Aviation welcomes African open skies agreement

The African Union (AU) has launched the Single African Air Transport Market (SAATM) as it hopes to capitalise on the benefits brought by air transport.
It is hoped that a single aviation market, launched yesterday at the AU Summit, will help promote trade, cross-border investments and create an additional 300,000 direct and 2m indirect jobs.
So far, 23 African countries, including South Africa, Nigeria and Kenya, out of 55 have subscribed to SAATAM.
The launch of the programme was welcomed by Iata, although it warned that the union now needed to make sure it was implemented.
Past attempts to liberalise African air transport have proved difficult to implement.
For example, the Yamoussoukro Decision, designed to allow countries to easily exchange fifth freedom rights, was codified in 1999 but has failed to realise its full potential and is only now being adopted.
This has been put down to existing restrictive protectionist regulatory regimes.
However, the AU will also adopt the regulatory text of the Yamoussoukro Decision, which covers competition and consumer protection and dispute settlement.
Iata vice president for Africa Rapahel Kuuchi said: “Every open air service arrangement has boosted traffic, lifted economies and created jobs.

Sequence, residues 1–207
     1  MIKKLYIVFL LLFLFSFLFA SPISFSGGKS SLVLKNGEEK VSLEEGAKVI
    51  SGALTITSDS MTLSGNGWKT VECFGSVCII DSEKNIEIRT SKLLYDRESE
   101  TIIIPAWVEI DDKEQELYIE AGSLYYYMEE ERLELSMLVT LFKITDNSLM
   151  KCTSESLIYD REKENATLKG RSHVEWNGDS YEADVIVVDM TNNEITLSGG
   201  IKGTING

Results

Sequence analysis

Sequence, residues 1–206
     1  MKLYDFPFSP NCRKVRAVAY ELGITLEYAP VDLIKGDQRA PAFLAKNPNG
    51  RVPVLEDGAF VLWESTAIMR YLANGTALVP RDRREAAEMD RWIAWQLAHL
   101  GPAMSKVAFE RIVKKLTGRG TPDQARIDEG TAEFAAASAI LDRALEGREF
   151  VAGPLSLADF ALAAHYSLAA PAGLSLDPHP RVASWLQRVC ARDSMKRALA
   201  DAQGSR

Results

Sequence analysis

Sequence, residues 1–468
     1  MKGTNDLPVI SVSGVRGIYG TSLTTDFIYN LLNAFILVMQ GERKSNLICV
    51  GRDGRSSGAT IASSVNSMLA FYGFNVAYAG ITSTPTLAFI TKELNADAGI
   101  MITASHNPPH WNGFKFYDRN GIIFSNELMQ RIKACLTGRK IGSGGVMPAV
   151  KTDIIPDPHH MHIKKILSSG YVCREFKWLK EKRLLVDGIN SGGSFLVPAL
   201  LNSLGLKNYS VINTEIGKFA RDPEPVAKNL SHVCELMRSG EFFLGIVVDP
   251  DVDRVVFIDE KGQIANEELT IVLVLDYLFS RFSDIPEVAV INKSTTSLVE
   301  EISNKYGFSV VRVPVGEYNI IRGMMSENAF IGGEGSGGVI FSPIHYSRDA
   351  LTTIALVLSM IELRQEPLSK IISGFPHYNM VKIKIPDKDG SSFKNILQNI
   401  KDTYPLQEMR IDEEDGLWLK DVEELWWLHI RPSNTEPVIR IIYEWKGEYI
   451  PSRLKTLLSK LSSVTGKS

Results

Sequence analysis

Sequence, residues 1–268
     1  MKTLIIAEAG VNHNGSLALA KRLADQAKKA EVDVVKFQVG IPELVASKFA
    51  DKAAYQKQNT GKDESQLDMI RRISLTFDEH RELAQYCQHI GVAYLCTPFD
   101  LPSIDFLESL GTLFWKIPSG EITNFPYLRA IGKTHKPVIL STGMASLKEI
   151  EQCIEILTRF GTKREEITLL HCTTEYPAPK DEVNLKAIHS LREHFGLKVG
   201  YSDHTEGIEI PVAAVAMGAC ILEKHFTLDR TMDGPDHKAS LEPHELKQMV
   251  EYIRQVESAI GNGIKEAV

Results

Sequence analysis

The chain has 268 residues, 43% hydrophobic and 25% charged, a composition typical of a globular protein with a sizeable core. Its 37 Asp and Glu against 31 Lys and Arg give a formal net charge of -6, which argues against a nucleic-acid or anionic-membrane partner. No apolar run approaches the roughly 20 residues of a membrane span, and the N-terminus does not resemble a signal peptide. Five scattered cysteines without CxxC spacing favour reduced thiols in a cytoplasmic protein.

“And we expect no less in Africa on the back of the SAATM agreement. An IATA survey suggest that if just 12 key African countries opened their markets and increased connectivity an extra 155,000 jobs and $1.3bn in annual GDP would be created in those countries.
"We commend the 23 States that have signed up to SAATM.  It is an important step forward.
“But the benefits of a connected continent will only be realized through effective implementation of SAATM—firstly by the countries already committed and also by the remaining 32 AU member nations still to come on board.”
IATA said one of the main obstacles to the implementation of previous open skies pledges has been the absence of an underpinning regulatory text.
The association therefore also welcomed the adoption of the Yamoussoukro Decision regulatory text.
"Today’s decision is momentous. SAATM is a decisive step towards greater intra-African connectivity and delivers the framework on which to achieve it.
“Now it’s time to get down to the work of implementation. Greater connectivity will lead to greater prosperity. Governments must act on their commitments, and allow their economies to fly high on the wings of aviation," Kuuchi concluded.
To date, the member states that have signed up to the agreement are: Benin, Botswana, Burkina Faso, Cabo Verde, Congo, Cote d’Ivoire, Egypt, Ethiopia, Gabon, Ghana, Guinea, Kenya, Liberia, Mali, Mozambique, Niger, Nigeria, Rwanda, Sierra Leone, South Africa, Swaziland, Togo and Zimbabwe.
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